When the San Francisco 49ers opened last Thursday's OTA session, the media was greeted by an aerial display.
Wide receiver Quinton Patton found himself on the receiving end of a 50-yard touchdown pass from Colin Kaepernick in the opening team period. The wide receiver lined up on the right and ran a deep post, getting behind safeties Eric Reid and Antoine Bethea before hauling in the perfect throw from Kaepernick.
"Perfect throw. Perfect catch. Perfect touchdown to start the day off right," Patton said.
The highlight-reel play was followed by a brief touchdown celebration, which Patton joked about following practice.
"I had to hit the tootsie roll," he said. "I saw Antonio Brown do it one time so I thought, 'Man I've got to practice that.'"
Patton is entering his third season after being taken by the 49ers in the fourth round of the 2013 NFL Draft. His first two professional campaigns yielded minimal results – just six catches for 78 yards and no scores.
The lack of production has the former Louisiana Tech star striving for numbers more akin to his success in college. Patton posted back-to-back 1,200-yard seasons with the Bulldogs in 2012-13, recording double-digit touchdowns each year.
"I'm not going to say it's my time, but I'm coming," Patton said. "Playtime is over with."
Anquan Boldin and newly acquired Torrey Smith will likely assume the top two receiving spots on the depth chart, but the No. 3 job appears to be an open competition. The list of pass-catchers competing includes Patton, Jerome Simpson, Bruce Ellington, Chuck Jacobs and the 49ers five undrafted free agents.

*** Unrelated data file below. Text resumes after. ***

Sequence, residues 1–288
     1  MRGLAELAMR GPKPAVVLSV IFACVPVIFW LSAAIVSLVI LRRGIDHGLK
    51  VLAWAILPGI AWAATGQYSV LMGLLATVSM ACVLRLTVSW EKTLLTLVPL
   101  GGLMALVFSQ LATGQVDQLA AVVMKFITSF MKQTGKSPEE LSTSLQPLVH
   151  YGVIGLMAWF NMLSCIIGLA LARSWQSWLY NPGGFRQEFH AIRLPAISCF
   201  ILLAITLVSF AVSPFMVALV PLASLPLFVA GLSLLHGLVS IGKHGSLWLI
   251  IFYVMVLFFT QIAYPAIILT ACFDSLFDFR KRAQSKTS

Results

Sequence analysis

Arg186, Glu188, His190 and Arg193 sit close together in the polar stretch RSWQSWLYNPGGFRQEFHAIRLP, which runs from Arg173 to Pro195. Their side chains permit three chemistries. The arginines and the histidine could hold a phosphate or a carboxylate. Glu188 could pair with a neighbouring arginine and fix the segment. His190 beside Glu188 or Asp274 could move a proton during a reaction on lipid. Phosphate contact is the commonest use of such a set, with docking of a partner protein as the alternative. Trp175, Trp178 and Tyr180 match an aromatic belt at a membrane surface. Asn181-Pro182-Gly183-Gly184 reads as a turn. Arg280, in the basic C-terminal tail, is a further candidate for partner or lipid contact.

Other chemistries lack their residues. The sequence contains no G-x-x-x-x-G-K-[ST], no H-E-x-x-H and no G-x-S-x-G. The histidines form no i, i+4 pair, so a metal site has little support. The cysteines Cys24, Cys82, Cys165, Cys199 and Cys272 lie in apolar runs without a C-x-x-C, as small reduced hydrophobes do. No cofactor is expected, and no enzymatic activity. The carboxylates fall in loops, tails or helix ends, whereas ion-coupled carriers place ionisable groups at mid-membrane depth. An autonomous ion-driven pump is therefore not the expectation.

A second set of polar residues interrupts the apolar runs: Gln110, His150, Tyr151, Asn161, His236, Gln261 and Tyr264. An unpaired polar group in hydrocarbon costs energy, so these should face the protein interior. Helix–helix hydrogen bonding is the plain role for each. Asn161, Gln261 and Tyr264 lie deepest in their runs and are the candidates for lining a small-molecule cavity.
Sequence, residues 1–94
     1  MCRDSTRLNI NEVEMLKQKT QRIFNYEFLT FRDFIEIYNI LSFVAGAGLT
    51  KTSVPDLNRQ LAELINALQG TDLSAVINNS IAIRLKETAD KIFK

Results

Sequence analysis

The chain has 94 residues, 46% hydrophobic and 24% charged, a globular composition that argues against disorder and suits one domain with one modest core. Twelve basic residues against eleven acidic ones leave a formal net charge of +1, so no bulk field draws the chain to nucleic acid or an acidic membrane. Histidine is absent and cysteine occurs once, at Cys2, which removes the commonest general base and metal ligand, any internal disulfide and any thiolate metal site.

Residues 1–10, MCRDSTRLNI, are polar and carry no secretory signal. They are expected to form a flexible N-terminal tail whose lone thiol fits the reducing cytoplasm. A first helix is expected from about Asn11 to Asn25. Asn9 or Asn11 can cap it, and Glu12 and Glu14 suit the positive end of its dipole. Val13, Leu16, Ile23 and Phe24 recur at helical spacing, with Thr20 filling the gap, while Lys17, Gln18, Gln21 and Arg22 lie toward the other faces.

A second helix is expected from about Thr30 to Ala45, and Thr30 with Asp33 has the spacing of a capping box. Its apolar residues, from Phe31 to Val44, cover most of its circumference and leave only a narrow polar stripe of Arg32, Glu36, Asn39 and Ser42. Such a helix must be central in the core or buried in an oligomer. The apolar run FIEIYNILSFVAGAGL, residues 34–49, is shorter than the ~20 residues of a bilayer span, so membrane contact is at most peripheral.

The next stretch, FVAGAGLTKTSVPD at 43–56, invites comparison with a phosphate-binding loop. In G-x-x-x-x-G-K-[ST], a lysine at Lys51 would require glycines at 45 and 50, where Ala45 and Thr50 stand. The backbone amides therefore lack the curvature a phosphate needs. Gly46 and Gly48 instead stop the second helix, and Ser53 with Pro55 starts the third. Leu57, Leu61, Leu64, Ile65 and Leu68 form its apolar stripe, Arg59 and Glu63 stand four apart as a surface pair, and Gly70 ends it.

Patton said he's seen his added motivation show up on tape when reviewing his practice performances.
"It's a totally different person (on film)," he said. "It's a more confident person and the growth that you can see through Year 1, 2 and upcoming 3. I'm smarter and work harder than I did before."
The receiver's hard work began well before the 49ers began their offseason program at the SAP Performance Facility. A few months back, Patton seized the opportunity to train with Kaepernick in Arizona.
Chemistry is key for quarterbacks and receivers, especially for a pass-catcher trying to become a staple in the 49ers offensive game plan.
"It benefited me just to know that we were throwing the ball together," Patton said. "He was telling me what he was seeing and I was telling him what I was seeing and just knowing where to be. He worked on everything he needed to work on, and I worked on everything I needed to work on. It worked hand in hand."